by clicking the arrows at the side of the page, or by using the toolbar.
by clicking anywhere on the page.
by dragging the page around when zoomed in.
by clicking anywhere on the page when zoomed in.
web sites or send emails by clicking on hyperlinks.
Email this page to a friend
Search this issue
Index - jump to page or section
Archive - view past issues
Active Retirees : Active Retirees Feb-March 2012
Active RetireesTM | 41 finAnCE T he Australian dollar has had a tumultuous year. It has become a ‘risk currency’, this year trading as high as 110 cents and as low as 94 cents against the US dollar. “Whenever traders feel like taking a risk or being bullish, they turn to the Australian dollar,” says Phil Horner, a trading analyst at AxiTrader. “And if they’re not feeling confident, then they sell the ‘Aussie’.” Investors – disappointed with returns from other assets including shares – are increasingly being lured by the action and volatility of foreign exchange (forex) markets. “People are tired of the share market,” says Horner. “It’s not going anywhere.” A raft of brokers and educators are also heavily promoting the benefits of forex trading, such as the ability to make money in rising and falling markets, the large number of markets on offer, volatility, and the ability to use huge leverage. But this doesn’t necessarily mean forex trading is a suitable asset investment for retirees primarily focused on funding their retirements. While there are opportunities, there are also pitfalls. Those looking to enter the high-stakes world of forex need to educate themselves fully, pick the right markets and, above all, be mindful of the risks of leverage. “Retirees entering this market without doing their research or understanding what they were doing would be taking massive risks,” says Alex Douglas, managing director at Interbank FX Australia. “I don’t want to scare people off, but at the same time you have to be realistic.” Knowing the market Foreign exchange is the largest and most liquid financial market in the world, with an annual turnover of four trillion dollars. In recent years, forex trading, particularly of the Australian dollar, has been growing in popularity. According to the Australian Foreign Exchange Committee, the average daily foreign exchange turnover in Australia increased by 14 per cent in the year to April 2011. Currencies are traded and priced against each other in pairs; the most common and widely quoted pair is the Australian dollar against the US dollar (AUD/USD). Forex traders can access roughly 20 or 30 currency pairs, depending on their brokers. » Foreign exchange trading can be a lucrative way to grow your wealth, especially given the current strength of the Australian dollar. However, potential investors must be aware of the risks, writes ben power. A matter of currency Retirees entering this market without doing their research would be taking massive risks. Thinkstock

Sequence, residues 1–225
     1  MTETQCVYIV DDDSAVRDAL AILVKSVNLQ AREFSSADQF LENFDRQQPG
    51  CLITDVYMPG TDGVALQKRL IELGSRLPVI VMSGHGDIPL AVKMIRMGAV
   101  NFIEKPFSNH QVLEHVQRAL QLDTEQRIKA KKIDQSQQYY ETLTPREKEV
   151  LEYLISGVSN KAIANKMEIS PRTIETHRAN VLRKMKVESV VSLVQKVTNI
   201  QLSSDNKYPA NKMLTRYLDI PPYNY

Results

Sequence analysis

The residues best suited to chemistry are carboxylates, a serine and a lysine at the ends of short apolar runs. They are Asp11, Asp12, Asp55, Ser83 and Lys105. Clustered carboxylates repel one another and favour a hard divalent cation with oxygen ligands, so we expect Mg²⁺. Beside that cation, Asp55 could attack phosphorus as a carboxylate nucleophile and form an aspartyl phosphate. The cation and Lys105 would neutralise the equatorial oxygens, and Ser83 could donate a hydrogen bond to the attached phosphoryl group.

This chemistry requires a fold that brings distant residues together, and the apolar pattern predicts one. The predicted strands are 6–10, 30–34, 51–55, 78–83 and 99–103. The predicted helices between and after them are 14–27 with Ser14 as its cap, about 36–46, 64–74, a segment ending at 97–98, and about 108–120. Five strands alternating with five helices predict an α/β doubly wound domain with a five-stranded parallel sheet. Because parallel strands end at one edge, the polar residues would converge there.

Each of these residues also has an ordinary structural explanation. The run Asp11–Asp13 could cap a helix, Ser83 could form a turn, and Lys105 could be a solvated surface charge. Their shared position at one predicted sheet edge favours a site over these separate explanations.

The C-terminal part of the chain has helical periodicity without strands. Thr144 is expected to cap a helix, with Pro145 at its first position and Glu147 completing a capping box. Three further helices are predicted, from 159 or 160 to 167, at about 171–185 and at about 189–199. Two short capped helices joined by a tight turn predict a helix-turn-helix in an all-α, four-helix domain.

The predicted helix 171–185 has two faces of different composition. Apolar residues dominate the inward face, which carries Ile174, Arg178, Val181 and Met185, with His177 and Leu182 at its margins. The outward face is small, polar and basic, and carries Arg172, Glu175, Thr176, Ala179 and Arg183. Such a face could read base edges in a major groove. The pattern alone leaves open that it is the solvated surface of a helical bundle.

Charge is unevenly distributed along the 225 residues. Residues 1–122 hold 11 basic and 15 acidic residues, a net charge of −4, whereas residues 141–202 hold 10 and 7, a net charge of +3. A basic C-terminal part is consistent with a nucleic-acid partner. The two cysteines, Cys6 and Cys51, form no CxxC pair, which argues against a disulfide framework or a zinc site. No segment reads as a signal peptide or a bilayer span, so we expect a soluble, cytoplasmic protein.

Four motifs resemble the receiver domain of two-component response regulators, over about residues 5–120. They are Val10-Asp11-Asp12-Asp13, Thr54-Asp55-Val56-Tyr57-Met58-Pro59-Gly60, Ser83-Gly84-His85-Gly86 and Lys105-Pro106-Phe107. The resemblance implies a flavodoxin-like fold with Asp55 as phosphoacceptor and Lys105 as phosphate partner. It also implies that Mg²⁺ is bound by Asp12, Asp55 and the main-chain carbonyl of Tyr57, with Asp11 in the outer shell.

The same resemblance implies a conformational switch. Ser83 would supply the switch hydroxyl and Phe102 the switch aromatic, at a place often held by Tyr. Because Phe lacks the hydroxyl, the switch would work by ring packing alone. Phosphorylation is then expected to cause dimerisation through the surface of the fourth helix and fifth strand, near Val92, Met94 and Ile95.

Active Retirees Dec-Jan 2012
Active Retirees April-May 2012